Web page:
The trouble with Ostarine: Jimmy Wallhead’s
16th March 2018
An Independent Review into UK Anti-Doping’s (UKAD) handling of information on alleged doping of elite athletes by Dr. Mark Bonar has re-iterated that it should have contacted the General Medical Council (GMC). It also found that despite hearing his evidence, UKAD failed to get cyclist Dan Stevens to sign a cooperation statement, as would be required for a reduction in his sanction for ‘substantial assistance’ under the World Anti-Doping Code.
In April, the Sunday Times published an exposé of Dr. Bonar, in which he claimed to have doped over 150 professional athletes. The allegations were partly corroborated by former Chelsea coach Rob Brinded, who allegedly introduced many athletes to Dr. Bonar.
The information about Dr. Bonar was given to UKAD in 2014 by cyclist Dan Stevens, who in 2015 went to the Cycling Independent Reform Commission (CIRC) after UKAD decided that his evidence did not warrant a reduction for ‘substantial assistance’ as defined in the World Anti-Doping Code, and issued him with a two-year ban. UKAD subsequently reduced the sanction after the CIRC recommended reducing Stevens’ ban, but did not publicise the reduction.
‘It is difficult to understand why no contact was in fact made with the GMC when that course of action was suggested on at least seven occasions, either by members of UKAD or by the athlete and his legal representatives, throughout 2014’, reads the Review (PDF below). ‘The very definition of ‘substantial assistance’ for the purposes of 10.5.3 [10.6.1] requires that a participant must provide a signed written statement and must fully co-operate with the investigation, which may include testifying at a hearing if requested to do so […] Despite finally taking possession of an unsigned statement and documentary prescription evidence supporting the account provided by the athlete regarding the activities of Bonar, the Review can find no evidence that any further action was taken in relation to these documents or against Bonar, save for the discussions with an independent doctor and, surprisingly, still no contact was made with the GMC until after the Sunday Times article.’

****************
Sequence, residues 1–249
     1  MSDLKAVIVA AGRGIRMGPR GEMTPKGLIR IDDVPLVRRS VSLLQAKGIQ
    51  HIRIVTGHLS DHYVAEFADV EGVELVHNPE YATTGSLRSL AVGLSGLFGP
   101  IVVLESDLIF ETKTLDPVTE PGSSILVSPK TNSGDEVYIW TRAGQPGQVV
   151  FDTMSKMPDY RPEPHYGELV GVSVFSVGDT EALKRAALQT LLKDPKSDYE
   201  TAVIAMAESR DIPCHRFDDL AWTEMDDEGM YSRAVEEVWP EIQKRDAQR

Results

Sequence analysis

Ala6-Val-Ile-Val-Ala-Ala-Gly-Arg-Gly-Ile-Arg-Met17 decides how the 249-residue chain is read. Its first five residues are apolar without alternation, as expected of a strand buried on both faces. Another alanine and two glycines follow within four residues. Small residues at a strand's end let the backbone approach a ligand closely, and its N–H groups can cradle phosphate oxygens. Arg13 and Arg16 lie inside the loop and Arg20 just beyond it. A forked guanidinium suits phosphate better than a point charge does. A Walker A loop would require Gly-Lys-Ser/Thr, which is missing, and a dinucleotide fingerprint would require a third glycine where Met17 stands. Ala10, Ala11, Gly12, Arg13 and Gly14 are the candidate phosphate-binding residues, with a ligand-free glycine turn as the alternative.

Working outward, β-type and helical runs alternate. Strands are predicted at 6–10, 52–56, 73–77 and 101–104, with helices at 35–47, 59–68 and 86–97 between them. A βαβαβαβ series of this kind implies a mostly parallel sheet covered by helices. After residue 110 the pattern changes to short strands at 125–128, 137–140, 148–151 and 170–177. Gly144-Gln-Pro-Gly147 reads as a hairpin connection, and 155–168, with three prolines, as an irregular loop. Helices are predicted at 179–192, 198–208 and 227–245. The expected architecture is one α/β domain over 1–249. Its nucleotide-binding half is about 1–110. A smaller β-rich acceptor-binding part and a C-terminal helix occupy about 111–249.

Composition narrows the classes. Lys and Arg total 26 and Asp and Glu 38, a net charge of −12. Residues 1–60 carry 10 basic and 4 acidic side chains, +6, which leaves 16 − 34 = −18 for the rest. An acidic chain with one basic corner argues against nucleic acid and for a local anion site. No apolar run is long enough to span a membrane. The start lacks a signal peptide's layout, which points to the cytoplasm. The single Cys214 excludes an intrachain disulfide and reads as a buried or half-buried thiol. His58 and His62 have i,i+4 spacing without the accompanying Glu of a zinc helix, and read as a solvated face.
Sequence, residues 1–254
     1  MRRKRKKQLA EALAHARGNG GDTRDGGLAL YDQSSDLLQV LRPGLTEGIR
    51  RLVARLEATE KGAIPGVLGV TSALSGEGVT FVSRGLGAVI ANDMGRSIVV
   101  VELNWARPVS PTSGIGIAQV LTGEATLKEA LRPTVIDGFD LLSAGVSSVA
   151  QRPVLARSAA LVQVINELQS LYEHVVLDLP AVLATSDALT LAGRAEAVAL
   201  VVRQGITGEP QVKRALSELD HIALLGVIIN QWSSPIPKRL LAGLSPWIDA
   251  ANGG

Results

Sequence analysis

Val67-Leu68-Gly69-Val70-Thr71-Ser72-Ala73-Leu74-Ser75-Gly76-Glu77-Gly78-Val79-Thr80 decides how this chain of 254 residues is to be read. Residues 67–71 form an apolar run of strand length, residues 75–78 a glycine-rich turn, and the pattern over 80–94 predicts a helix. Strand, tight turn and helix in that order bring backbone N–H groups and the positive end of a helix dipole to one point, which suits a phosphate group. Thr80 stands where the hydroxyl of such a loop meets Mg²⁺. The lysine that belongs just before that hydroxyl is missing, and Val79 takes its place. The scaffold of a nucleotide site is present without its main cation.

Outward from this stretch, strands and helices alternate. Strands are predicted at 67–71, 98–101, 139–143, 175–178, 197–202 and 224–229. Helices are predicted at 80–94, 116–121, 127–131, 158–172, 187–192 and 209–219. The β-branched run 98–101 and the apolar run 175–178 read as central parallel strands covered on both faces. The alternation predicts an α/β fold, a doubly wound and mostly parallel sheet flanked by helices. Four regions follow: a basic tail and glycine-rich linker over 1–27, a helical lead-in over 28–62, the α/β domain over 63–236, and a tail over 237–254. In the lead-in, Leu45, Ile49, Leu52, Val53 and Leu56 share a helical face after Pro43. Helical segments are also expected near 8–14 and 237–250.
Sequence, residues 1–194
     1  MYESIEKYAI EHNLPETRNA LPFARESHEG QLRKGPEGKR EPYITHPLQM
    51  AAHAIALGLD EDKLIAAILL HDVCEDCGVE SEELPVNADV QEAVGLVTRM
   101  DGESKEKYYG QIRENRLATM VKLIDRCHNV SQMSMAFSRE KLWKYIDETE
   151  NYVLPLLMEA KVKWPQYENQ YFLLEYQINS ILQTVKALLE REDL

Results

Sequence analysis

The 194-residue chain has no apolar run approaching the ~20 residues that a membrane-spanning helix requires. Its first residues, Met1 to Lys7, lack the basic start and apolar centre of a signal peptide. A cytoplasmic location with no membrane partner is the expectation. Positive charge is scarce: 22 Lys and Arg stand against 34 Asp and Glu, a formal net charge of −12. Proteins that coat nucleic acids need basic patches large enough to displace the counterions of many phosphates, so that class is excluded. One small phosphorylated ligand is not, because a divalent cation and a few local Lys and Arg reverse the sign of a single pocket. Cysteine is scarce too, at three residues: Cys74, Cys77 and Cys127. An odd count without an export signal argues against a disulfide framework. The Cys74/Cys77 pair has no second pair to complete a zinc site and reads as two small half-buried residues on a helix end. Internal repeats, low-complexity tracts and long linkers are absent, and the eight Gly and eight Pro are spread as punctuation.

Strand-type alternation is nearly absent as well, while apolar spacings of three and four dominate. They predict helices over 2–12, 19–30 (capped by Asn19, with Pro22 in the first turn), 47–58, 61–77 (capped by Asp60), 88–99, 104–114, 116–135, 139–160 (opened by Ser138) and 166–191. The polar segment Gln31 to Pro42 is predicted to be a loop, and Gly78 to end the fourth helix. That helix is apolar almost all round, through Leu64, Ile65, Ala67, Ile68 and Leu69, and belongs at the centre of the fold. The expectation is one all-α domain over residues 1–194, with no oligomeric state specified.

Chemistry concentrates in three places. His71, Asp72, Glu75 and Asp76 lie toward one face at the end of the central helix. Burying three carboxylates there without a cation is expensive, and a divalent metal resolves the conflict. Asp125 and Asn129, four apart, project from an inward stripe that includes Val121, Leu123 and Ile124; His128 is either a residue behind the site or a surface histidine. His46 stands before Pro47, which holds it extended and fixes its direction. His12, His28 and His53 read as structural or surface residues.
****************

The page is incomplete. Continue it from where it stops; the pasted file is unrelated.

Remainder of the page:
The Review said that the case highlighted issues around the definition of what constitutes ‘substantial assistance’ under Article 10.6.1 of the 2015 World Anti-Doping Code. ‘We therefore recommend that UKAD, in agreement with WADA, reviews and clarifies article 10.6.1 of the World Anti-Doping Code in relation to the status of athletes who decide to provide substantial assistance’, read a statement, which added: ‘The decision that the information provided by the athlete should not be regarded as substantial assistance, under the current regulations, was correct. However this is a subjective decision and we would argue that in this case the decision determined by UKAD was harsh. The source identified another athlete who was then prioritised for testing by UKAD and two events were also targeted – it is without question that the testers would not have been at either event had it not been for the source’s information. In our opinion, the source should have been credited with providing that intelligence by UKAD reducing the length of his ban. It is clear to us that opportunities to gather intelligence, secure evidence, and investigate Bonar have been missed’.
The Independent Review was led by former Merseyside Assistant Chief Constable, Andy Ward. Ward was appointed to the UK’s Serious Organised Crime Agency (SOCA) from January 2014, having retired in 2004. UKAD’s Head of Intelligence and Investigations, Mario Theophanous, also worked at SOCA until 2011. Pat Myhill, UKAD’s Director of Operations, also worked at SOCA, the predecessor of the National Crime Agency (NCA), from 2006 to 2013.
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